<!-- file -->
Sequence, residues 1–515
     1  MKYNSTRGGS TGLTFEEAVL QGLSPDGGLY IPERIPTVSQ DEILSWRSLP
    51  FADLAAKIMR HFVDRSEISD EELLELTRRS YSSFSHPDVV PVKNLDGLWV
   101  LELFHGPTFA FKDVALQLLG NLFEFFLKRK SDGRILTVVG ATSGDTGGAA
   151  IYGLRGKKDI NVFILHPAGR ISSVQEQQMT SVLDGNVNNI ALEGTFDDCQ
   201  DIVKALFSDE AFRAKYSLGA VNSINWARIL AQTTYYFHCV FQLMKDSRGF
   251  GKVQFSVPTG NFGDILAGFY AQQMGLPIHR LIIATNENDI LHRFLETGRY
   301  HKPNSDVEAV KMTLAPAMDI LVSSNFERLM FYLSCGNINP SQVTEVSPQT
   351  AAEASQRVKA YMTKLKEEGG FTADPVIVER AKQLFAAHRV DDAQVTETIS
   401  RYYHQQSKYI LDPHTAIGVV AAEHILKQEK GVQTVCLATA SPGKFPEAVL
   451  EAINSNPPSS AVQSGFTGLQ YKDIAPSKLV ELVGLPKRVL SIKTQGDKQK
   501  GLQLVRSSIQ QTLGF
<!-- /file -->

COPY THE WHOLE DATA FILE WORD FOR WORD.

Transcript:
Sequence, residues 1–515
     1  MKYNSTRGGS TGLTFEEAVL QGLSPDGGLY IPERIPTVSQ DEILSWRSLP
    51  FADLAAKIMR HFVDRSEISD EELLELTRRS YSSFSHPDVV PVKNLDGLWV
   101  LELFHGPTFA FKDVALQLLG NLFEFFLKRK SDGRILTVVG ATSGDTGGAA
   151  IYGLRGKKDI NVFILHPAGR ISSVQEQQMT SVLDGNVNNI ALEGTFDDCQ
   201  DIVKALFSDE AFRAKYSLGA VNSINWARIL AQTTYYFHCV FQLMKDSRGF
   251  GKVQFSVPTG NFGDILAGFY AQQMGLPIHR LIIATNENDI LHRFLETGRY
   301  HKPNSDVEAV KMTLAPAMDI LVSSNFERLM FYLSCGNINP SQVTEVSPQT
   351  AAEASQRVKA YMTKLKEEGG FTADPVIVER AKQLFAAHRV DDAQVTETIS
   401  RYYHQQSKYI LDPHTAIGVV AAEHILKQEK GVQTVCLATA SPGKFPEAVL
   451  EAINSNPPSS AVQSGFTGLQ YKDIAPSKLV ELVGLPKRVL SIKTQGDKQK
   501  GLQLVRSSIQ QTLGF